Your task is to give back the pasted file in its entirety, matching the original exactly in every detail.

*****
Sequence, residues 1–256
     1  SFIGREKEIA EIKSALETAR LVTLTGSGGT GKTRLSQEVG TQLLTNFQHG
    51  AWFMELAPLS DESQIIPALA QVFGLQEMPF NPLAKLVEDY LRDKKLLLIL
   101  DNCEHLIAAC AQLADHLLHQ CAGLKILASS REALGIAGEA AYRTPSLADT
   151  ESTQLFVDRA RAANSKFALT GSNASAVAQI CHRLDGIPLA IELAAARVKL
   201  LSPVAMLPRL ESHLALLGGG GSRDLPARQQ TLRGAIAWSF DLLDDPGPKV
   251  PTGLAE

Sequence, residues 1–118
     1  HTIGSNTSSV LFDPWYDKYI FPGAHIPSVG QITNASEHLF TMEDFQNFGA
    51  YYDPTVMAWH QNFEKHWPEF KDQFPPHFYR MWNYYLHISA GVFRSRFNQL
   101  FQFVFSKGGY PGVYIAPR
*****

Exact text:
Sequence, residues 1–256
     1  SFIGREKEIA EIKSALETAR LVTLTGSGGT GKTRLSQEVG TQLLTNFQHG
    51  AWFMELAPLS DESQIIPALA QVFGLQEMPF NPLAKLVEDY LRDKKLLLIL
   101  DNCEHLIAAC AQLADHLLHQ CAGLKILASS REALGIAGEA AYRTPSLADT
   151  ESTQLFVDRA RAANSKFALT GSNASAVAQI CHRLDGIPLA IELAAARVKL
   201  LSPVAMLPRL ESHLALLGGG GSRDLPARQQ TLRGAIAWSF DLLDDPGPKV
   251  PTGLAE

Sequence, residues 1–118
     1  HTIGSNTSSV LFDPWYDKYI FPGAHIPSVG QITNASEHLF TMEDFQNFGA
    51  YYDPTVMAWH QNFEKHWPEF KDQFPPHFYR MWNYYLHISA GVFRSRFNQL
   101  FQFVFSKGGY PGVYIAPR